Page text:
+2

Difference between this two ?

String s = "Hello!"; String s = new String("Hello!");

3/19/2020 3:12:09 PM

ketul patel

3 Answers

New Answer

+4

Both are String objects. The former one will be stored in String Constant Pool (SCP) which is a small part on the heap and it cannot have duplicates and the later one will have memory allocated to it on the heap. When you say- String s = new String("Hello"); Two copies of the object are created, one in SCP and other on heap. But if "Hello" is already present in the SCP, one copy will be discarded and only the one in the heap remains.

+2

The point is, there is no effective difference. In both cases you declare and initialize a new String object. The first variant is a convenient shorthand (also called syntactic sugar, because sweet favor to make developers life easier)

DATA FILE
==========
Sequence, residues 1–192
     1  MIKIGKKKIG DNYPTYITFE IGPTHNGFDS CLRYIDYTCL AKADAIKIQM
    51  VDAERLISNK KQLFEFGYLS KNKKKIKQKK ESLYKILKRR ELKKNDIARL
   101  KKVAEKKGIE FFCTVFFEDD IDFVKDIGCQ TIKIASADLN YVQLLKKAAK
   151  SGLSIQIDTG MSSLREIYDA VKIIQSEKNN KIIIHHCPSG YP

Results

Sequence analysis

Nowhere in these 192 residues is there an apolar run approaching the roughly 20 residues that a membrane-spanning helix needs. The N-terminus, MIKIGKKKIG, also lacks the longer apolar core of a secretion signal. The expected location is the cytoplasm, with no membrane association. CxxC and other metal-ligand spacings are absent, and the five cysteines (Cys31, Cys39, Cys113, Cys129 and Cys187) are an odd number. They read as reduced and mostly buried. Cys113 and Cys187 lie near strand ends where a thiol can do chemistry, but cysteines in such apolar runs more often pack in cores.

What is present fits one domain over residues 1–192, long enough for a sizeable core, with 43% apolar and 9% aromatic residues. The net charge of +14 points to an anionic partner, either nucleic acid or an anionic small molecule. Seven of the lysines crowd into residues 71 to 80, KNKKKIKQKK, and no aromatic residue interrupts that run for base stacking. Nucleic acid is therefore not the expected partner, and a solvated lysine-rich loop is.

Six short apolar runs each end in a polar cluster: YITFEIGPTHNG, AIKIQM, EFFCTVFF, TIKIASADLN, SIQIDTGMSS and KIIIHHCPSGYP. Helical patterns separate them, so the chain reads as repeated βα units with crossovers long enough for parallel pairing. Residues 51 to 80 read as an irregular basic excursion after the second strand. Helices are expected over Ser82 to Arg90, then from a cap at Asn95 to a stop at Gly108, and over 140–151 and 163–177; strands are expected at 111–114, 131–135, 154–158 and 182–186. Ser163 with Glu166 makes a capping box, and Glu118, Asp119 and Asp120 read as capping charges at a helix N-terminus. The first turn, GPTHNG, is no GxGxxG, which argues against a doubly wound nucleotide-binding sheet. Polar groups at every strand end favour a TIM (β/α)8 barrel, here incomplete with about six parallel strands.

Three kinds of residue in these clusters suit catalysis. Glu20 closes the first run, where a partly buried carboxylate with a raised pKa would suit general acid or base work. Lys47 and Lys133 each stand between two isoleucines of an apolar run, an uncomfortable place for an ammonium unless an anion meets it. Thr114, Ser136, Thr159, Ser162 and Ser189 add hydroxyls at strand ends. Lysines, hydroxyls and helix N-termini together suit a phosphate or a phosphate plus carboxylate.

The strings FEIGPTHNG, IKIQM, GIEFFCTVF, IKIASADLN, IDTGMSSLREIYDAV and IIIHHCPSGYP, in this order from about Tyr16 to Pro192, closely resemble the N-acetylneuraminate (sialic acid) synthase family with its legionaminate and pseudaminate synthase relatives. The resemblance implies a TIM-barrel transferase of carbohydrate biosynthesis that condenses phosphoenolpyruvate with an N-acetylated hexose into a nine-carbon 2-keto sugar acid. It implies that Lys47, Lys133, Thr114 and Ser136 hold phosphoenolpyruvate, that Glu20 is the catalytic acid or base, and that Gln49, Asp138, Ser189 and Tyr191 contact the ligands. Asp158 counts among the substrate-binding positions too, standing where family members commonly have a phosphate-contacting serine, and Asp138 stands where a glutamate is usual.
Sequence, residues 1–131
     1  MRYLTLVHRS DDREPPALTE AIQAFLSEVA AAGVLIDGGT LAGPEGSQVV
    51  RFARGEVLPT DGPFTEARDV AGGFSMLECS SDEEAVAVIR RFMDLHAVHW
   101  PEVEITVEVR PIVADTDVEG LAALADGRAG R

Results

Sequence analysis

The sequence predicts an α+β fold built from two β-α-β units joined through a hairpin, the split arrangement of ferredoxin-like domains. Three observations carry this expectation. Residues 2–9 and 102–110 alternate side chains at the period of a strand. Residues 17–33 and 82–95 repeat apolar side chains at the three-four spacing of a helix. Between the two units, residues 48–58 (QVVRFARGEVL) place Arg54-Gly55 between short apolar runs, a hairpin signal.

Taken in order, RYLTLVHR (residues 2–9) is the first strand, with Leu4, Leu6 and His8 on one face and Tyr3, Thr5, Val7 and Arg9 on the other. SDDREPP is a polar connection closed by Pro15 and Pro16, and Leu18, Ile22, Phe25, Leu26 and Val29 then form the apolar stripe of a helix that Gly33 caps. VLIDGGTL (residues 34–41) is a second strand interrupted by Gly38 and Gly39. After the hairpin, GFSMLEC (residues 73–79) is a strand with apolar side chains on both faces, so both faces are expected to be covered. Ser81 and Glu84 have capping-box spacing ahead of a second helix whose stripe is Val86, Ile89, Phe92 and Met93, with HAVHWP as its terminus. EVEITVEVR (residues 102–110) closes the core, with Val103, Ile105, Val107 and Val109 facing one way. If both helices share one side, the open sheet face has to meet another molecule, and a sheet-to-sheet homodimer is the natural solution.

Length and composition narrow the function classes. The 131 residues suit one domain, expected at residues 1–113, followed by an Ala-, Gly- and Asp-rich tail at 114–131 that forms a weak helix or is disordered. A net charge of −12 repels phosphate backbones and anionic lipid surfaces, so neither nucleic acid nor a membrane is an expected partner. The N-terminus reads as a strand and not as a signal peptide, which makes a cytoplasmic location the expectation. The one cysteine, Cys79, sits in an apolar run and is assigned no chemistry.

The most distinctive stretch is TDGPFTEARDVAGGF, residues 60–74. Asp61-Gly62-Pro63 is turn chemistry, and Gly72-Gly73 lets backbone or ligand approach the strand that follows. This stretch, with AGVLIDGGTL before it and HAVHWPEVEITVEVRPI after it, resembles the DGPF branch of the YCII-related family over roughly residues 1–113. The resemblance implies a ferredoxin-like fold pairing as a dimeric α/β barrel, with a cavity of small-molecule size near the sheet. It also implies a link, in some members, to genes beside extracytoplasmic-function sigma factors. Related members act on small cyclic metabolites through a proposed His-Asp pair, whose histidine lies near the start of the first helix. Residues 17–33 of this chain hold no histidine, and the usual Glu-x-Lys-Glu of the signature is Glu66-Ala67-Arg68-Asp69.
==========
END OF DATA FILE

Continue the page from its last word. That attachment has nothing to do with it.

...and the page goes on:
+2

Difference between this two ? String s = "Hello!"; It's String Literal which store in SCP. E.g String s1 = "Hello!"; String s2 = "Hello!"; Here, s1 & s2 are equal but in case of objects they are different. String s = new String("Hello!"); It's String Object Store in Heap Memory. https://1.bp.blogspot.com/-s7Y6Qf5JyrI/U-DVyWt0ABI/AAAAAAAABvE/Sw-Myrm_j_o/s1600/String+literal+vs+String+Object+in+Java.png